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What is the potential coronavirus risk of mass protests?

Protesters continue past Pike Place Market during the #SeattleJusticeForGeorgeFloyd march on Saturday, June 6, 2020, in Seattle, Washington. (Amanda Snyder/The Seattle Times via AP)

For months, the public was warned about avoiding large gatherings due to coronavirus and now mass protests are taking place across the country. What’s the risk of so many people being packed so close together outside? Tacoma MD Dr. Gordon Cohen joined Seattle’s Morning News to discuss.

“So the fact of the matter is people are wearing face masks … which is good, but there are going to be outbreaks,” Cohen said. “A local scientist at the Fred Hutch Cancer Research Institute wrote on Twitter … that each day of protests would result in about 3,000 new cases of coronavirus and about 50 to 500 deaths.”

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“He also noted that given the racial disparities so far in the pandemic, that those deaths and cases would disproportionately occur among black people. So he felt that the societal benefit of the continued protests had to be weighed against the substantial potential impact,” he added.

So what’s is Cohen’s advice to people who are deciding if they should attend a protest or not?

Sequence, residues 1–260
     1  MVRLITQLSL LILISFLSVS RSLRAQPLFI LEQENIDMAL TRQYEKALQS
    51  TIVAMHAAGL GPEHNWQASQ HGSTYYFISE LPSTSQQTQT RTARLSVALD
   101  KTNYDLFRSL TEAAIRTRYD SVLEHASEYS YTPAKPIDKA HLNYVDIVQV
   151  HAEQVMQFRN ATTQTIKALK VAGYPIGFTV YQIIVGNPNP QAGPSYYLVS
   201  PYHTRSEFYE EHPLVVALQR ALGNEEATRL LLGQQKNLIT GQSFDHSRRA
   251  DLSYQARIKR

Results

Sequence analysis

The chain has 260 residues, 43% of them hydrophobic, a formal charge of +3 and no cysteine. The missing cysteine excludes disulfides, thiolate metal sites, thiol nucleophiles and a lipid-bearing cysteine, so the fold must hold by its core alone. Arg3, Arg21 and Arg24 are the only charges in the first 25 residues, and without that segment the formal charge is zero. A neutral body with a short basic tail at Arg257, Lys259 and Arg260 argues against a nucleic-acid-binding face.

“That’s a tough question to answer, because it is a balance. There’s the social issues that are important that need to be addressed, but there’s also the health and medical issues that are important and need to be addressed,” he said.

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“When you talk to me, you’re talking to me as a physician, and I worry about the public health consequences,” he added. “So I’m not gonna tell people that they shouldn’t be heard and that they shouldn’t protest because that’s their right. And if they feel they need to, then they should do it. On the other hand, as a physician who worries about public health, people have to do the best they can in those circumstances to try to be careful.”

Listen to Seattle’s Morning News weekday mornings from 5 – 9 a.m. on KIRO Radio, 97.3 FM. Subscribe to the podcast here.

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